Can publicly reported data be used to understand performance in an Australian rural hospital?

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Health Information Management Journal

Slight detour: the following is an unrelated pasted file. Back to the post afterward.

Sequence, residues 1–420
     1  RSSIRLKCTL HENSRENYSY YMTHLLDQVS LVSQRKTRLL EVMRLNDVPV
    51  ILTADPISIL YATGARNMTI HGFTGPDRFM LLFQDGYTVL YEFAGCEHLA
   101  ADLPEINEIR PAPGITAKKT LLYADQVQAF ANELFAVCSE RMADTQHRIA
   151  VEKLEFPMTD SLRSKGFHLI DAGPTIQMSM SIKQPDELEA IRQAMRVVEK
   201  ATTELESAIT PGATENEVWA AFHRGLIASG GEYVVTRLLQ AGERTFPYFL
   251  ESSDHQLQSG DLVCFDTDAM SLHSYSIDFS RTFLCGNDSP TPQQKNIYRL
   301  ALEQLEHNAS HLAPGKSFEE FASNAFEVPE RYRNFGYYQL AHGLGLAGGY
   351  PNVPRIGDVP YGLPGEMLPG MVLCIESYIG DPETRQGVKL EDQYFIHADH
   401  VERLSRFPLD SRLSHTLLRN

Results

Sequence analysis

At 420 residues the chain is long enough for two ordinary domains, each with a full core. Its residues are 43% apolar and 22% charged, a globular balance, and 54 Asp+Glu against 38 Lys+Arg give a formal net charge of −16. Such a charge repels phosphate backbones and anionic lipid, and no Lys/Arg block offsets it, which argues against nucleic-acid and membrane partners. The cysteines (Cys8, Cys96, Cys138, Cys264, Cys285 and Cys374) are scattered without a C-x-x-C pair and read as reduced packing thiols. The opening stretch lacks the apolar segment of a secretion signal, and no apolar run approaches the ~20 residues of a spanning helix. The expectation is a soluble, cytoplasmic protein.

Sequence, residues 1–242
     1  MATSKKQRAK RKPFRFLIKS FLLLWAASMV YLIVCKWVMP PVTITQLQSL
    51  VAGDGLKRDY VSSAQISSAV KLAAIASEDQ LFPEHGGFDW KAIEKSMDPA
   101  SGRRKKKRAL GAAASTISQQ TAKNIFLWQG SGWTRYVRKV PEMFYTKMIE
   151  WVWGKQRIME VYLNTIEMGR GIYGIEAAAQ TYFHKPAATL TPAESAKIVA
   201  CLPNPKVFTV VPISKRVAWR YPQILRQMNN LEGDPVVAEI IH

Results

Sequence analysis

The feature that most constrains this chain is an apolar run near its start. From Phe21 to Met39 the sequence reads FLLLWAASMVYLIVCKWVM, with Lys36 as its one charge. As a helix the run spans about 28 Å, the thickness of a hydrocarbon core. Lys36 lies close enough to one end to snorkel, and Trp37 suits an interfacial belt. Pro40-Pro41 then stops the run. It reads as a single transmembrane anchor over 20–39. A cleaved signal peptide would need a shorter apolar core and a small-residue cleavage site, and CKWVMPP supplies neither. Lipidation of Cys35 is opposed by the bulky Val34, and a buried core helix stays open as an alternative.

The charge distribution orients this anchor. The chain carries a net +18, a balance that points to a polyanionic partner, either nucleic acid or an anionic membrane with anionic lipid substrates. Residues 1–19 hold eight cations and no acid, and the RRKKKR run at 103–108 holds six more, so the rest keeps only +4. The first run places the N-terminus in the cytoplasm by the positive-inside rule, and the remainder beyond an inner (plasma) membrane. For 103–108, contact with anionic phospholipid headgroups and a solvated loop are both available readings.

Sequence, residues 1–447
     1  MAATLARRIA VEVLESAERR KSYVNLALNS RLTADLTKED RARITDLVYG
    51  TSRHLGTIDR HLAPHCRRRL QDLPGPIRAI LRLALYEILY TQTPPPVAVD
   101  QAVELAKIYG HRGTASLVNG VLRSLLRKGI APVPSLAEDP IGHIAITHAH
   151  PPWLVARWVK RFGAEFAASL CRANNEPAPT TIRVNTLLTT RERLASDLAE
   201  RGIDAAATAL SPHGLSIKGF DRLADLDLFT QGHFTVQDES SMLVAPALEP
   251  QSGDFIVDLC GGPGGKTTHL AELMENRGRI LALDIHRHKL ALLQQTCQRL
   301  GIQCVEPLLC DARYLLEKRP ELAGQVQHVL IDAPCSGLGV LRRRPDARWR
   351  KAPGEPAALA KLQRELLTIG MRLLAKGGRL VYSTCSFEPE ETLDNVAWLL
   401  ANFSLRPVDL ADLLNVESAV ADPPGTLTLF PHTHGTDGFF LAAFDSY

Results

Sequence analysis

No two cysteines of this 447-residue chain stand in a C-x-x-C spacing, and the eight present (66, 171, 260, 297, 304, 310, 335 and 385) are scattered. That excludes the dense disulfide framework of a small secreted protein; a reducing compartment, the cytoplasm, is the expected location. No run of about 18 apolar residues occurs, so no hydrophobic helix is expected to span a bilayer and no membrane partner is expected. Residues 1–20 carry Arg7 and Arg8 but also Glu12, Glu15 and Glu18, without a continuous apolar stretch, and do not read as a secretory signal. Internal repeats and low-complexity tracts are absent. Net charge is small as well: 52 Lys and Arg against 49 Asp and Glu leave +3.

Background: Despite agreement among policymakers, funders, consumers and researchers about the value of public reporting of health information, limited attention has been paid to how it can be used to understand the performance of rural hospitals. Objective: To determine whether publicly available information can be used to measure health service performance in a rural hospital. Method: The study used performance data routinely reported for public consumption in Australia. Data across four domains, multiple measures and time periods were collected to examine access and equity; efficiency and sustainability; quality, safety and patient orientation; and employee engagement. Performance of the rural hospital was examined using a visualisation tool. Results: Visualisation of multiple measures of performance over time was achievable but required a high degree of health information management skills. Conclusion and implications: Publicly reported data can be used to represent performance for a rural hospital. Timeliness, level of detail available and peer groupings of data limits optimal utility. Consumers, clinicians and health service managers wanting to understand the performance of rural hospitals will need to use significant health information management skills to gain a picture of performance. Further research in the applied use of publicly available performance data and relevant dashboards for rural hospitals is suggested.

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